NEW YORK - CIRCA DECEMBER 2020: Crowd of people wearing masks walking in the street.

The Pandemic Policy Excuse of ‘Meeting People Where They Are’

By Daniel Goldberg

Too often throughout the COVID-19 pandemic, policymakers have justified controversial policy choices by stating that the world is not arranged in a way to make certain actions feasible. While practical difficulties matter, permitting such difficulties to exhaust the scope of our ethical obligations is a grave mistake that moves us farther away from a just and equitable world.

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Centers for Disease Control and Prevention. Georgia, Atlanta USA March 6, 2020.

For Whom Does the CDC Think it Works?

By Jennifer S. Bard

As weekly deaths from COVID in the U.S. soar into thousands, monkeypox continues to spread, and New York reports the country’s first case of paralytic polio since 1979, it is fair to question the U.S. Centers for Disease Control and Prevention (CDC)’s effectiveness and ability to achieve its mission to “to protect America from health, safety and security threats” and its pledge to “base all public health decisions on the highest quality scientific data that is derived openly and objectively” and “place the benefits to society above the benefits to our institution.”

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hand opening white plastic pvc window at home.

It’s Time for the Federal Government to Get Back to Protecting the Nation Against COVID-19

By Jennifer S. Bard

Over the past two years, the Supreme Court has shown unprecedented hostility to efforts by both state and federal government to stop the spread of what every day turns out to be an even more deadly pandemic.

These decisions are devastating, and likely signal a continued attack on government authority, but they are not a reason to give up.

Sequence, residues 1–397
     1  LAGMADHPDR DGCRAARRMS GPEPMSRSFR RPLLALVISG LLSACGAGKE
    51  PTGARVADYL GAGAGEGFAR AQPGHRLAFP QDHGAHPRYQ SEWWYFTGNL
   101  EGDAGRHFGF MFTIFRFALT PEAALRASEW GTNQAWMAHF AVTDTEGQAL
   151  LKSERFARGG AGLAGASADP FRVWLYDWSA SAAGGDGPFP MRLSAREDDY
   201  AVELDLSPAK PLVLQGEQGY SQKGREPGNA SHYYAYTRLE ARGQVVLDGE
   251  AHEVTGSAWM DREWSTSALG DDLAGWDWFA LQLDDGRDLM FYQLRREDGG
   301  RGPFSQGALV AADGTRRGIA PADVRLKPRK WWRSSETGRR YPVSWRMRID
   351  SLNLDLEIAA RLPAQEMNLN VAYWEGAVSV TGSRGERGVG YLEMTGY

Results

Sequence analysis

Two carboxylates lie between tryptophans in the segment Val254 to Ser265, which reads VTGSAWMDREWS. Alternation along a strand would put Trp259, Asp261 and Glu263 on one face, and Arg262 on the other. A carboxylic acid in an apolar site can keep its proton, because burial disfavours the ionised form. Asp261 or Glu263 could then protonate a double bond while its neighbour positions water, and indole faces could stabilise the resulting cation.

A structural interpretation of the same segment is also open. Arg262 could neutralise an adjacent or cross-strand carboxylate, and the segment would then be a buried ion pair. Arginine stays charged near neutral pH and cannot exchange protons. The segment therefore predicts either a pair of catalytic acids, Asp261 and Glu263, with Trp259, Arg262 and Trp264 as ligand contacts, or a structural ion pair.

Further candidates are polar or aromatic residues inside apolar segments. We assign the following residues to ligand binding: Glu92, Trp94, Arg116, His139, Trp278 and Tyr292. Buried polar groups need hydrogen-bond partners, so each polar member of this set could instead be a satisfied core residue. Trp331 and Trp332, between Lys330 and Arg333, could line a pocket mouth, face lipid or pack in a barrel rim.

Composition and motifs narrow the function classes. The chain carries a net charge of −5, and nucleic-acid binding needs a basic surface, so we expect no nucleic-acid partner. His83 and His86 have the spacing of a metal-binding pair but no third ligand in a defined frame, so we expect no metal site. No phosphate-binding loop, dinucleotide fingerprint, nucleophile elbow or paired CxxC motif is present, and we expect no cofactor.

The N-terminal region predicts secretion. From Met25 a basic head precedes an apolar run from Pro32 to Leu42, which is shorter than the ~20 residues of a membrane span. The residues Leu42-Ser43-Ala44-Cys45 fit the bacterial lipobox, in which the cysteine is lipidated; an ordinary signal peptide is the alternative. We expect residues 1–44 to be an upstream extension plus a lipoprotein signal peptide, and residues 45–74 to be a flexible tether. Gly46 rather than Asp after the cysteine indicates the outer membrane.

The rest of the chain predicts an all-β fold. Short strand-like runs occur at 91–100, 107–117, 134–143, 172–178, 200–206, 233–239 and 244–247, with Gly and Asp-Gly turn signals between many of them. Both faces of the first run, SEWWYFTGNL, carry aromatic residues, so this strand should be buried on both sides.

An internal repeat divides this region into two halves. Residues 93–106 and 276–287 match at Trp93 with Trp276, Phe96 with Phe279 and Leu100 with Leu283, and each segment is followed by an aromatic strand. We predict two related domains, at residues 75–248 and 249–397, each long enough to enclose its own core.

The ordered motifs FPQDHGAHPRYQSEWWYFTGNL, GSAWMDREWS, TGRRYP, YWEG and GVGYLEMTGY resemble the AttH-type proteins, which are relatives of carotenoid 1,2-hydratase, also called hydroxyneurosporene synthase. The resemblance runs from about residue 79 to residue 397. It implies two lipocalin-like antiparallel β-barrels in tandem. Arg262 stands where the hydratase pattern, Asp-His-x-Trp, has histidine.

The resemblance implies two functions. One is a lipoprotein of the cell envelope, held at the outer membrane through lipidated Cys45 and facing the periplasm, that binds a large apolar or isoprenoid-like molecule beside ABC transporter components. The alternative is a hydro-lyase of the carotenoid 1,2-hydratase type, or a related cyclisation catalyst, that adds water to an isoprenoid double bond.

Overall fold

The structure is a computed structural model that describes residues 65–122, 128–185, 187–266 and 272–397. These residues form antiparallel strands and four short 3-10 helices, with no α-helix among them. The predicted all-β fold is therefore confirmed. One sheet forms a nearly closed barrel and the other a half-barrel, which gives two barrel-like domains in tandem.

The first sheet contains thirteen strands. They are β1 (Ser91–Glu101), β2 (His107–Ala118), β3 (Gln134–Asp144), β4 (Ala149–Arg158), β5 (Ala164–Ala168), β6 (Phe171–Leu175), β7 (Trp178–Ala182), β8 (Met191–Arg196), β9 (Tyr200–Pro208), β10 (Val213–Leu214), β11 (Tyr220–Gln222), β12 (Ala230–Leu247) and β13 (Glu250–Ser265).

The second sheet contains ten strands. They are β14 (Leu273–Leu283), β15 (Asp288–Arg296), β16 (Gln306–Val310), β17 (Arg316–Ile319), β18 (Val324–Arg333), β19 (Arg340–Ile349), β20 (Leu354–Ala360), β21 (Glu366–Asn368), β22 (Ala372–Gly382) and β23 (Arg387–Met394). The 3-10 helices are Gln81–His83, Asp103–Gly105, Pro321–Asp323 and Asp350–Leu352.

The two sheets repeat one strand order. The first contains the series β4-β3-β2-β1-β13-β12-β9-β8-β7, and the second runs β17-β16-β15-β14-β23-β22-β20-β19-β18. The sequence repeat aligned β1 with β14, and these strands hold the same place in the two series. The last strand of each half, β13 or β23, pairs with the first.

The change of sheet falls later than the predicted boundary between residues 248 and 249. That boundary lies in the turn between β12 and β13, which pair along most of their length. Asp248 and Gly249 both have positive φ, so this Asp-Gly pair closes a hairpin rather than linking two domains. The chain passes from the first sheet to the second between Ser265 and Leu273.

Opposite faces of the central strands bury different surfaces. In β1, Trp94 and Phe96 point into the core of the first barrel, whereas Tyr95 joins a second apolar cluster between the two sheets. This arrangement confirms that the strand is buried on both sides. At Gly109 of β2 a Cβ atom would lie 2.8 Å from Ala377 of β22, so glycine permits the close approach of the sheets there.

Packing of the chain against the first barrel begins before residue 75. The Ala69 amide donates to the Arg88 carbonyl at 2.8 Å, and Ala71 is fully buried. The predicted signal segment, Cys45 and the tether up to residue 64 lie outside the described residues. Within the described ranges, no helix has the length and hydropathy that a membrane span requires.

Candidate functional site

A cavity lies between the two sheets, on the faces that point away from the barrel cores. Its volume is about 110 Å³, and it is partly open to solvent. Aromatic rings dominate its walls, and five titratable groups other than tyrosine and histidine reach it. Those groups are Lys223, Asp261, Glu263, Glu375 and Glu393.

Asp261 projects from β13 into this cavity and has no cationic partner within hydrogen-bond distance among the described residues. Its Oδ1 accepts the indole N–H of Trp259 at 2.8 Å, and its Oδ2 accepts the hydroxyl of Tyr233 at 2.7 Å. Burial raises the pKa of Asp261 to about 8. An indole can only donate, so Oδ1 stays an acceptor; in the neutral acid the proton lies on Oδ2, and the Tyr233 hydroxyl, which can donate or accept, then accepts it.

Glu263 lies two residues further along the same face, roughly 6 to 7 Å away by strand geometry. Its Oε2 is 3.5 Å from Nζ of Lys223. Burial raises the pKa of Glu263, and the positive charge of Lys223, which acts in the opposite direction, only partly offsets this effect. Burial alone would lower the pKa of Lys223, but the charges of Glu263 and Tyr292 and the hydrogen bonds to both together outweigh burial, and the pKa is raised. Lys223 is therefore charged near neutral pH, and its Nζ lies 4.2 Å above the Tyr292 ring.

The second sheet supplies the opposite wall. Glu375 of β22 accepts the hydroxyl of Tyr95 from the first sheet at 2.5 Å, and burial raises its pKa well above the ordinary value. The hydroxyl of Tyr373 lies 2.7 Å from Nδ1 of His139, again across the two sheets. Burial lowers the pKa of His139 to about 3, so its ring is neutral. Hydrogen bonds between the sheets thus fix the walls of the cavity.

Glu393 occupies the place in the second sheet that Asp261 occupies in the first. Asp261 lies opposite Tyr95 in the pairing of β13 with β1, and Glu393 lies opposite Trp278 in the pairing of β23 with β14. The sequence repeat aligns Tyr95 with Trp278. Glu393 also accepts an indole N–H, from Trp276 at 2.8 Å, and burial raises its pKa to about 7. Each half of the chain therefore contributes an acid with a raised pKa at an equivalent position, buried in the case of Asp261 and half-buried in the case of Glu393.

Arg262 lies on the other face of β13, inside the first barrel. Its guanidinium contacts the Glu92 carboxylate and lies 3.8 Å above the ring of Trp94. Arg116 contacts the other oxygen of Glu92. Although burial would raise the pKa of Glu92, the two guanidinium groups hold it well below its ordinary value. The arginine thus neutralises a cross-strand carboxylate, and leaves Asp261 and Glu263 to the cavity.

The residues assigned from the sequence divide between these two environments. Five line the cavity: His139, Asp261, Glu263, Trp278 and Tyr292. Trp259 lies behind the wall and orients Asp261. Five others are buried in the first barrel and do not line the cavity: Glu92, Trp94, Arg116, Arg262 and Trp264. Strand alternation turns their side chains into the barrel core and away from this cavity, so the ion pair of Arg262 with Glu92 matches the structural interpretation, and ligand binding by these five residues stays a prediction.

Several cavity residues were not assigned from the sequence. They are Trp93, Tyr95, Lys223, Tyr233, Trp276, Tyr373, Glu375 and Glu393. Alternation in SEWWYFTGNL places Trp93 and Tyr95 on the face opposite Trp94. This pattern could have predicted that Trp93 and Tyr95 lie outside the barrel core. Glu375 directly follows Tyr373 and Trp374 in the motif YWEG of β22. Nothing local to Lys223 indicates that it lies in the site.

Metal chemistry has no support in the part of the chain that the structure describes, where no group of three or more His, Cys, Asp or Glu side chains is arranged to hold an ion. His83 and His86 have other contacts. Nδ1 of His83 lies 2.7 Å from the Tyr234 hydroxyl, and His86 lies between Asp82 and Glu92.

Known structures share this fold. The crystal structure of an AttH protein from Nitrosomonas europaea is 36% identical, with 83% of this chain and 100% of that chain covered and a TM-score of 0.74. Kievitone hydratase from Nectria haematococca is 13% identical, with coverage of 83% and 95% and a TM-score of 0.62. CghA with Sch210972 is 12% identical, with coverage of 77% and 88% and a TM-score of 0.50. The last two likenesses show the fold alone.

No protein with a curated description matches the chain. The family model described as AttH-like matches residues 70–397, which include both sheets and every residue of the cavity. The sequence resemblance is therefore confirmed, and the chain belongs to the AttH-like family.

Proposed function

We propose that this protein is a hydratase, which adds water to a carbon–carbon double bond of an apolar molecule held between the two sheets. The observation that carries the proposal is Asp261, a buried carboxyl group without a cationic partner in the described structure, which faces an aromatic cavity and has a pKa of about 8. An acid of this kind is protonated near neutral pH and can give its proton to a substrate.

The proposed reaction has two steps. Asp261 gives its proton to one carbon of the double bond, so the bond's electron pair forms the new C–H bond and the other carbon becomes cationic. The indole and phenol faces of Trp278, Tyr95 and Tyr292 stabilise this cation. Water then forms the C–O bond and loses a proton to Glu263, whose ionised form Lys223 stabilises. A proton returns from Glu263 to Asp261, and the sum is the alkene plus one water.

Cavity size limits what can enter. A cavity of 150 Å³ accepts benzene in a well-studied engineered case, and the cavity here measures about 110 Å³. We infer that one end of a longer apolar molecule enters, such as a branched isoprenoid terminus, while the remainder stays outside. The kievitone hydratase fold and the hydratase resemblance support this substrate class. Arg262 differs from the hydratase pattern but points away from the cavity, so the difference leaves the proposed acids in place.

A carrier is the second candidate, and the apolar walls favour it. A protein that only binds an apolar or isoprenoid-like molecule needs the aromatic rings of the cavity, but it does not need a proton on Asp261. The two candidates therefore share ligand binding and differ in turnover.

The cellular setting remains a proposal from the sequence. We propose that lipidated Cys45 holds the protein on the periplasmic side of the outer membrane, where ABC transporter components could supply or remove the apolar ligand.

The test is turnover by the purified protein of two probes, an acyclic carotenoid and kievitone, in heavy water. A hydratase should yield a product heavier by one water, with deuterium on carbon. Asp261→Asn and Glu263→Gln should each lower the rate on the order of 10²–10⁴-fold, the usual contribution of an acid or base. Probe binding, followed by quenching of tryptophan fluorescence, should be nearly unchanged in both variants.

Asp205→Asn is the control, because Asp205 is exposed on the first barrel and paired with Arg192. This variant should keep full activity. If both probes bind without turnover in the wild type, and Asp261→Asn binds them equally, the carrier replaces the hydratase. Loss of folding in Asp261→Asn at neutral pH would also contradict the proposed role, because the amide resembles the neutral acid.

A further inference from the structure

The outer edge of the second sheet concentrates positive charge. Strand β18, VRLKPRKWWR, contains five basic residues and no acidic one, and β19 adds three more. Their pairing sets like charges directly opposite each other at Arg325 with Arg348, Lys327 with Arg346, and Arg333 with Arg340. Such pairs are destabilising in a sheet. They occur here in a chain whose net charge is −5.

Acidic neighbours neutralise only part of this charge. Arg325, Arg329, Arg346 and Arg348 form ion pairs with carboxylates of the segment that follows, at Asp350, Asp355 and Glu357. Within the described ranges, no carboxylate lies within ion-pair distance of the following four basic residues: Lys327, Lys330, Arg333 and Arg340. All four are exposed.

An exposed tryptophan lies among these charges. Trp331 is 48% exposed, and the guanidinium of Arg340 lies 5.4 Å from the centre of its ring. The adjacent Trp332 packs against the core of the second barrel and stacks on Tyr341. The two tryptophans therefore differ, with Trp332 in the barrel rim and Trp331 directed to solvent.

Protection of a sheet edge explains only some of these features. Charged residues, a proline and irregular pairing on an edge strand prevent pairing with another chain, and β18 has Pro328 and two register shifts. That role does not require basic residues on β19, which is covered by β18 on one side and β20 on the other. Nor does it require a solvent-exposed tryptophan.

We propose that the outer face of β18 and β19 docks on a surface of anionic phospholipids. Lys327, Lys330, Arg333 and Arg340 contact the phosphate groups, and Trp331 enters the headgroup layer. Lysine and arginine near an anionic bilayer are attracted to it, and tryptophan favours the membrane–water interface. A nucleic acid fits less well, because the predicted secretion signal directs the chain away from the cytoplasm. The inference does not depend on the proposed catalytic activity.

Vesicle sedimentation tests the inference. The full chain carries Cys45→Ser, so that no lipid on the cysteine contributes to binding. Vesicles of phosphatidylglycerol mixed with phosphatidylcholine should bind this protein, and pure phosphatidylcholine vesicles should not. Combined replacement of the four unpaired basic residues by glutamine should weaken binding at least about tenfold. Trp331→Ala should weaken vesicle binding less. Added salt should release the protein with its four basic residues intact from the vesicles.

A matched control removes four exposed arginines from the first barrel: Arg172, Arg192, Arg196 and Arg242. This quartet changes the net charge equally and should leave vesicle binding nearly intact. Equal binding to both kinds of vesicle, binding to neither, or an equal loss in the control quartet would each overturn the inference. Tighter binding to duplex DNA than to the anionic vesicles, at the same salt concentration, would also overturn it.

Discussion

The federal government can still use its vast resources to slow the spread and continued mutation of the virus, by telling people what it knows of the danger, and what it knows about how to mitigate it.

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close up of hands signing contract.

Using Contracts to Lessen Inequities in Access to Medicines in Pandemics and Epidemics

By Sapna Kumar and Ana Santos Rutschman

Research funding contracts can help to safeguard against profound inequities in global allocation and distribution of lifesaving diagnostics, drugs, and vaccines.

During large transnational public health crises, global demand soars for diagnostics, drugs, and vaccines. Although some of these products can be developed within compressed timelines, global production capacity remains limited. Against a backdrop of product scarcity, wealthier countries can out-bid their lower-income counterparts and capture most of the supply during the early stages of pandemics and epidemics. This leaves the vulnerable low-income populations waiting months, or even years, for their turn.

This predictable, inequitable pattern can be held off before the next pandemic. At the research and development (R&D) stage, government funders can bind producers to equity goals through targeted contractual provisions, as we explain in a recently-published Nature Biotechnology article. We summarize our proposals in the following sections. Read More